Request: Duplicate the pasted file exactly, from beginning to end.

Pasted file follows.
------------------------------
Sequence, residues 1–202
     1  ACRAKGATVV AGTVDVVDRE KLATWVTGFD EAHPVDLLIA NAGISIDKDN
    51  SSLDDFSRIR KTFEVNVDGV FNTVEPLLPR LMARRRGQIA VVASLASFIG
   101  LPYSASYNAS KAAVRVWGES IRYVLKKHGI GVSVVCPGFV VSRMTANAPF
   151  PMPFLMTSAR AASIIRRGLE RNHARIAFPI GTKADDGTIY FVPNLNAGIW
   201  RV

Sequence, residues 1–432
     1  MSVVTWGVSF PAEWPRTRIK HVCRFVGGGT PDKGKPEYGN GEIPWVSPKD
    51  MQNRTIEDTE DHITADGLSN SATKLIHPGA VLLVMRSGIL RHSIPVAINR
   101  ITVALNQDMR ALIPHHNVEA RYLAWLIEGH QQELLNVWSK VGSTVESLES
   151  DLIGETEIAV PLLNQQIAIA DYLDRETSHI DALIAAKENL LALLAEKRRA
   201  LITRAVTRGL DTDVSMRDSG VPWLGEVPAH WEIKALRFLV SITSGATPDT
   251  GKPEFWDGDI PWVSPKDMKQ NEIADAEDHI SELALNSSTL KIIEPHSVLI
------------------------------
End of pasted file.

Sequence, residues 1–202
     1  ACRAKGATVV AGTVDVVDRE KLATWVTGFD EAHPVDLLIA NAGISIDKDN
    51  SSLDDFSRIR KTFEVNVDGV FNTVEPLLPR LMARRRGQIA VVASLASFIG
   101  LPYSASYNAS KAAVRVWGES IRYVLKKHGI GVSVVCPGFV VSRMTANAPF
   151  PMPFLMTSAR AASIIRRGLE RNHARIAFPI GTKADDGTIY FVPNLNAGIW
   201  RV

Sequence, residues 1–432
     1  MSVVTWGVSF PAEWPRTRIK HVCRFVGGGT PDKGKPEYGN GEIPWVSPKD
    51  MQNRTIEDTE DHITADGLSN SATKLIHPGA VLLVMRSGIL RHSIPVAINR
   101  ITVALNQDMR ALIPHHNVEA RYLAWLIEGH QQELLNVWSK VGSTVESLES
   151  DLIGETEIAV PLLNQQIAIA DYLDRETSHI DALIAAKENL LALLAEKRRA
   201  LITRAVTRGL DTDVSMRDSG VPWLGEVPAH WEIKALRFLV SITSGATPDT
   251  GKPEFWDGDI PWVSPKDMKQ NEIADAEDHI SELALNSSTL KIIEPHSVLI